The consequences of overload of dental implants can be divided into two groups: biological and biomechanical complications . Biological complications can be divided into early failures and late failures . In case of early failures, osseointegration was insufficient: the implant is lost before the first prosthetic loading. Late biological failures are characterized by pathological bone loss after full osseointegration was obtained at an earlier stage . Late biological implant failures are associated with overload. Some insight into bone physiology is needed for a proper understanding of these mechanisms [8–11]. In case of biomechanical complications, one or more components of an implant system fail, for example, fracture of an implant itself, loosening or fracture of connecting screws or abutment screws, loosening or excessive wear of mesostructural components in overdentures, and excessive wear or fracture of suprastructural porcelain or acrylic teeth [12, 13].
Bruxism is a movement disorder of the masticatory system that is expressed, among others, by tooth grinding and clenching, during sleep as well as during wakefulness [14, 15]. Especially, sleep bruxism is a repetitive sleep movement disorder characterized by rhythmic masticatory muscle activity (RMMA) at a frequency of approximately 1 Hz and by occasional tooth grinding. It is reported that during light sleep, most episodes of sleep bruxism (SB) are observed in relation to brief cardiac and brain reactivations termed “micro-arousals”. RMMA is secondary to a sequence of events in relation to sleep microarousals: as a result of the increase in autonomic sympathetic activity, the heart and brain are activated in the minutes and seconds, respectively, before the onset of activity in the suprahyoid muscles and finally, RMMA occurs in the jaw-closing masseter and temporalis muscles . Since SB is controlled by the central nervous system , it may be difficult to prevent the occurrence of bruxism events.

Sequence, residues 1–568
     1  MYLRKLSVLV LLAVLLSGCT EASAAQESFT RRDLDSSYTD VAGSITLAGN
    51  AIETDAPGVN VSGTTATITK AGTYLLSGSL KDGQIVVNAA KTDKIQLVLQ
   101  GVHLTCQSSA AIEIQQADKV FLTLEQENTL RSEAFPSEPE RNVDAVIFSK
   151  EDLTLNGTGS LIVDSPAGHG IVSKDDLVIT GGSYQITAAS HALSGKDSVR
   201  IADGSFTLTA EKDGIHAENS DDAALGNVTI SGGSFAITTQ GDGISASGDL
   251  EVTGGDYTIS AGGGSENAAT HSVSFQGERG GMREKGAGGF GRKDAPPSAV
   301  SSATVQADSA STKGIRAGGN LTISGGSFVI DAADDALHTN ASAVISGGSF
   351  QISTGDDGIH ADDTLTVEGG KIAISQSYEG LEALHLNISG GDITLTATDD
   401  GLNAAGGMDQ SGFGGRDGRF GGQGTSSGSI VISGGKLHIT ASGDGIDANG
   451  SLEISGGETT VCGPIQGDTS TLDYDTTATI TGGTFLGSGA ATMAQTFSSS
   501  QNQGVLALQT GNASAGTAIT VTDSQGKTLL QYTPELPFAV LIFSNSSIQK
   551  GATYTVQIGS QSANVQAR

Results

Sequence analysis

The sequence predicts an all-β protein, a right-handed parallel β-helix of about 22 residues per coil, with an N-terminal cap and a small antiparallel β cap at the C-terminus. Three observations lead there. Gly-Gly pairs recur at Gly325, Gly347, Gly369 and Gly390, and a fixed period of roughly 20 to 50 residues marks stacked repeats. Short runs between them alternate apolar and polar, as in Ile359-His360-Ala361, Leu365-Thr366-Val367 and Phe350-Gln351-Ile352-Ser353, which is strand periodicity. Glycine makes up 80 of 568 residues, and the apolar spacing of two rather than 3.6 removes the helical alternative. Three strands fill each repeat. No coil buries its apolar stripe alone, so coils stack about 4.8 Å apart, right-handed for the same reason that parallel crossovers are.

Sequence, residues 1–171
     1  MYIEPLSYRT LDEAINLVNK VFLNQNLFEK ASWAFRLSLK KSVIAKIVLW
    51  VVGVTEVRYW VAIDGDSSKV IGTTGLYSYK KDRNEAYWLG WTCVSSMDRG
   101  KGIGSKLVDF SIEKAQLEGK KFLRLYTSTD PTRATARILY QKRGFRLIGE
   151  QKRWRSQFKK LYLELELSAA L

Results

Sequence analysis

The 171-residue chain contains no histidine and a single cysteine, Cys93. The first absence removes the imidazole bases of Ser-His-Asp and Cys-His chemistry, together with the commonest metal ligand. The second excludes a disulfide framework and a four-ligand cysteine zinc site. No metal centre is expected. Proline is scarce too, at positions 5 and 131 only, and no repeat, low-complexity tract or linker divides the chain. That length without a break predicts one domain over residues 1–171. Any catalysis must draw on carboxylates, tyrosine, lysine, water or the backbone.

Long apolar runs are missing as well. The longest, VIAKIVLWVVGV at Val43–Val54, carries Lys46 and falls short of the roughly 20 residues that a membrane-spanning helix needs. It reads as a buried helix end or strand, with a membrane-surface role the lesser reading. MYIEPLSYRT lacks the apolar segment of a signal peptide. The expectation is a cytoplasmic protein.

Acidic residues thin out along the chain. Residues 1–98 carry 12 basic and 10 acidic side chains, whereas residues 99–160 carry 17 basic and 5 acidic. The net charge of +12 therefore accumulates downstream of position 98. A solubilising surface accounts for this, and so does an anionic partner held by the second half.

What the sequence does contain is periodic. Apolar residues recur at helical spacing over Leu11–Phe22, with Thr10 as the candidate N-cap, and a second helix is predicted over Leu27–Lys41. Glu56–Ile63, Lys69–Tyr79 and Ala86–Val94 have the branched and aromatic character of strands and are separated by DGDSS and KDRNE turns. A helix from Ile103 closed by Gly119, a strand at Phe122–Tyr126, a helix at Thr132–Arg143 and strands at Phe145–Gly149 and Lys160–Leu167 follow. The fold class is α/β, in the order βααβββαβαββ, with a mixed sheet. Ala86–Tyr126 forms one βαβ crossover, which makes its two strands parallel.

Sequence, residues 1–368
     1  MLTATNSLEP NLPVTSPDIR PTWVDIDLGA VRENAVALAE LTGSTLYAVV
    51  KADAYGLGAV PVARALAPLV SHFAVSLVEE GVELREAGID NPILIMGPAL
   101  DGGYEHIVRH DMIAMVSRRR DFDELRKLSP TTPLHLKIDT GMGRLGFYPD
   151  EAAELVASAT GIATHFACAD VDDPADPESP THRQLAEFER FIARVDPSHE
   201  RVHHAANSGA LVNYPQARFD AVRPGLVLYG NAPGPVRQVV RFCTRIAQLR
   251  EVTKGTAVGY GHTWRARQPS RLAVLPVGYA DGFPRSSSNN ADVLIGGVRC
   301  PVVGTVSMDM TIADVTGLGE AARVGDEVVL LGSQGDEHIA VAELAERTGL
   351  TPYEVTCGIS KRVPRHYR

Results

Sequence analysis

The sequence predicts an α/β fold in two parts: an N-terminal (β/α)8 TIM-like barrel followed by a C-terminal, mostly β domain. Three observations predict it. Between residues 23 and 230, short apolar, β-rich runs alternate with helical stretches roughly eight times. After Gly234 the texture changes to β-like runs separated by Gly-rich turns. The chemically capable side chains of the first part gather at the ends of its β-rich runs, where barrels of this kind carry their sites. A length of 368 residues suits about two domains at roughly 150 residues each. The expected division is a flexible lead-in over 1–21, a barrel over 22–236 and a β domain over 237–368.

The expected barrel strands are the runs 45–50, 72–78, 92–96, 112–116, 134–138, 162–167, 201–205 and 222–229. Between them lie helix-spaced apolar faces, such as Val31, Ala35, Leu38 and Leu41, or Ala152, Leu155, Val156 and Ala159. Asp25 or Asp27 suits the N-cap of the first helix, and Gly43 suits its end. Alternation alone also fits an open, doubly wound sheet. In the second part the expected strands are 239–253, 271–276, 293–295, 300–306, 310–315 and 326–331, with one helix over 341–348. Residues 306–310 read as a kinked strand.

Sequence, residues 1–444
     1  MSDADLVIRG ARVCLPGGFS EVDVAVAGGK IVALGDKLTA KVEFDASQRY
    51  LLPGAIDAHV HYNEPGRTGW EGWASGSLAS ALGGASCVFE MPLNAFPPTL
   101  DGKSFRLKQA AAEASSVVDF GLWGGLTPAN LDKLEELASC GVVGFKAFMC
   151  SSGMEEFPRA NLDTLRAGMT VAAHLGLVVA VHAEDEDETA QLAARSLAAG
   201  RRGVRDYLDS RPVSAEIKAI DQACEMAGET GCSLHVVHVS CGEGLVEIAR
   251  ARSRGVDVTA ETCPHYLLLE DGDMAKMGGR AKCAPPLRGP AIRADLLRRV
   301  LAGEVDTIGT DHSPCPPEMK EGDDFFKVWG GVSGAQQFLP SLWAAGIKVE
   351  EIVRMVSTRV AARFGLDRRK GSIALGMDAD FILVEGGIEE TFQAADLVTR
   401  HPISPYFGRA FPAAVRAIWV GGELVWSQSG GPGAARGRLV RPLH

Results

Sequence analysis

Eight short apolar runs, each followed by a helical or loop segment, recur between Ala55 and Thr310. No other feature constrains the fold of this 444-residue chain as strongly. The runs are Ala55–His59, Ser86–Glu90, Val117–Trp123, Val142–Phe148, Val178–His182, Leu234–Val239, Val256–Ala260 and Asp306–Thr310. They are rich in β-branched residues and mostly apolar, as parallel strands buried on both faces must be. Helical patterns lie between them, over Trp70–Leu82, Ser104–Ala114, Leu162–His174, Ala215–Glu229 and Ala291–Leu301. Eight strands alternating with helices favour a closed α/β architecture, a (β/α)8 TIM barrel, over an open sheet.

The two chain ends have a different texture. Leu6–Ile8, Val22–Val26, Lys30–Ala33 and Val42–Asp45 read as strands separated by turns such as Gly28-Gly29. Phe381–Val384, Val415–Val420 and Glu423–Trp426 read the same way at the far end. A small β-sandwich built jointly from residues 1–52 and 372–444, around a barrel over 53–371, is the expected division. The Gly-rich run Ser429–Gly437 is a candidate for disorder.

Clinical trials regarding the influence of bruxism on implant prostheses are scarce. Brägger et al.  recognized a causal relation between bruxism and fracture of the suprastructure, but they could not show the relation between bruxism and failure of the implant itself. On the other hand, Engel et al.  suggested that bruxism never affected the marginal bone loss of the dental implant. From these studies, it is difficult to conclude that bruxism is a risk factor for dental implants. Since most of the clinical research in dental implants excluded subjects with bruxism, there are only few research data on the influence of bruxism on dental implant outcome, and there is still no scientific evidence for a causal relation between bruxism and implant failure.
In this paper, the relation between occlusion and overload of dental implants is described, and the available evidence for a possible cause-and-effect relationship between bruxism and implant failure is discussed. Further, the possibility of clinical management of implant prostheses using an alteration of occlusal materials in the suprastructure and night guards in patients with bruxism is being presented.
2. Occlusal Considerations for Implant Prostheses